Hamilton County’s new Financial Literacy Council wants kids to know higher education is possible | News, Sports, Jobs


Availa Bank’s Ryan Williams and Scott Bargfrede, left, donated $10,000 as a two-year contribution to the Financial Literacy Council of Greater Hamilton County for the AvailaKares 529 college savings account last week . Pictured with them, from left, are Cindy Im, Hamilton County Economic Development Director and Financial Literacy Council Member, Kelli Reis, Sunset Heights Director and Financial Literacy Council Member, and Rick Young , Chairman of the Hamilton County Board of Supervisors. and Chairman of the Financial Literacy Council. The contribution will help provide more Hamilton County kindergartens for second-grade students with a college education boost. If you have not yet registered your children, pick up a registration form from any school office.

Hamilton County offers adults a unique opportunity to inspire young children to consider college when they reach this age.

It’s the Financial Literacy Council of Greater Hamilton County.

According to Barb Wollan, who is the secretary of the organization, the United States ranks 14th in the world when it comes to financial literacy.

The significance of this statistic is that research shows that a lack of financial knowledge and skills can limit people’s financial well-being throughout their lives.

This includes planning how they will pay for post-secondary education.

“I believe in the importance of developing financial skills”, said Wollan, who is also a humanities scholar at Iowa State University Extension and Outreach. “That’s why I support the Financial Literacy Council of Greater Hamilton County and its initiatives to build financial literacy skills among youth in our community.

The Council is a new non-profit organization, she said.

His main project is to launch a county-wide children’s savings account program in partnership with Availa Bank.

“We are grateful for the Availa Foundation’s continued support for this project,” said Rick Young. He is Chairman of the Board.

“However, Availa does not provide funds for the operation of the program, which requires substantial data entry, communication with the College Savings Iowa 529 program, and parent outreach. We have a contracted person for a few hours a month to handle all of this, which costs money,” he added.

“We hope to make this a true community effort by gaining the support of dozens, if not hundreds, of local organizations and individuals.”

Currently, the Council is seeking support at all levels – from $25 to $100 to $1,000. You can do this at www.financialliteracycouncil.com/donate.

“Our hope,” Young said, “It’s that people will make making the financial literacy council a yearly habit, but we welcome one-time contributions.”

About Children’s Savings Accounts

In Hamilton County, the program is called AvailaKares. It establishes a 529 college savings plan with an initial deposit of $100 for each kindergarten graduate of a Hamilton County school, after parents complete an enrollment form.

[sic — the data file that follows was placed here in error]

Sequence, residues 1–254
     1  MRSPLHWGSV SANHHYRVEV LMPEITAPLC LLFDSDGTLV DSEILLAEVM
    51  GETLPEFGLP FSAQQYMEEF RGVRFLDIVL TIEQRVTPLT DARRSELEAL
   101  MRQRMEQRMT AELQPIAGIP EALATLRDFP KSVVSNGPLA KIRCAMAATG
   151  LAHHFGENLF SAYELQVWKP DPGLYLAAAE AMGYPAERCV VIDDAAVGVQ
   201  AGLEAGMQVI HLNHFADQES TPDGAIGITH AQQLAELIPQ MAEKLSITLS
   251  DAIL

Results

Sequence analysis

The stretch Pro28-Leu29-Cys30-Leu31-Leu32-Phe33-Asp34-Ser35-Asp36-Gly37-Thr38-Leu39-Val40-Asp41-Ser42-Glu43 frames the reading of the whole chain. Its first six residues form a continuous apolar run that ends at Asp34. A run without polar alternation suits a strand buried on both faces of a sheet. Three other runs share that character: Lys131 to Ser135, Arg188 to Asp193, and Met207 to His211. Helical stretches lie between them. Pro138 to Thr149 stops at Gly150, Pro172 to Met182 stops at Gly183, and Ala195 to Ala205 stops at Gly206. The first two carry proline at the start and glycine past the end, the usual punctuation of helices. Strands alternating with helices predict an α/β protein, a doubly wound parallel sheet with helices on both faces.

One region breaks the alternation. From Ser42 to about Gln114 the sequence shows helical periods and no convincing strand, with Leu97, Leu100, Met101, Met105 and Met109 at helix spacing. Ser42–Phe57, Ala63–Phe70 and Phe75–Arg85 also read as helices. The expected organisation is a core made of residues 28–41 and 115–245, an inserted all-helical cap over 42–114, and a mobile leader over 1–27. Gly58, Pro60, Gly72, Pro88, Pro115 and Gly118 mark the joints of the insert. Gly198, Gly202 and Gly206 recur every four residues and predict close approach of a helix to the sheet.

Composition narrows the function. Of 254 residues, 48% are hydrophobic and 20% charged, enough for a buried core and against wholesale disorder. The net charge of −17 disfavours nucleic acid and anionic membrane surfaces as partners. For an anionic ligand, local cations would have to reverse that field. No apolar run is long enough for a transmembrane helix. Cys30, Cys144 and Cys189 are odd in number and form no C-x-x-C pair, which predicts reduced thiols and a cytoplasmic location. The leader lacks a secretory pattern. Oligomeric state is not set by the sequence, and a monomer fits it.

Availa is the primary funder of the accounts, but Hamilton County is also contributing some funding. These funds are then available for the student to use for any type of accredited post-secondary education. They remain available to the young person if they do not go directly to school – they can access the funds for up to 10 years after graduation.

According to Barb Wollan, research on similar projects in forward-thinking communities has shown that children who have even a small amount of money set aside for their education after high school do better in school. They are more likely to complete high school and more likely to enroll in post-secondary education.

Wollan said, “The idea is that when a child grows up knowing that there is money set aside for their future education, it creates a vision – they start to believe that further education is possible and even likely. for him.”

Added to that, she says, is that their community wants to invest in them. This is an important motivation for students.

The ultimate vision of the Financial Literacy Council of Hamilton County is for other donors to step in in the future to make additional contributions to children’s accounts as they reach further educational milestones.

Here’s an example that Wollan says might work: Recently, children were recognized by the Kendall Young Library in Webster City for their achievements in reading books. In such a circumstance, each library, in each town in Hamilton County, could donate, say, $10 to a child’s established college fund. This way, the community would have an active role to play in bringing a child to college one day.

Even so, the amount of money is not the key. The simple fact of having an account makes the difference.

Establishing a broad operational funding base of approximately $7,000 per year will allow the Council to take the time and energy currently spent on sustaining operations and instead focus it on growing its outreach efforts the financial literacy community.

Contributions of $50 or more

are designated by partner level:

s Platinum — $1,000 or more;

s Gold — $500 to $999;

s Silver — $200 to $499;

s Bronze — $50 to $199.

Information on sponsorship levels is available at www.financialliteracycouncil.com/donate.



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Geraldine L. Melton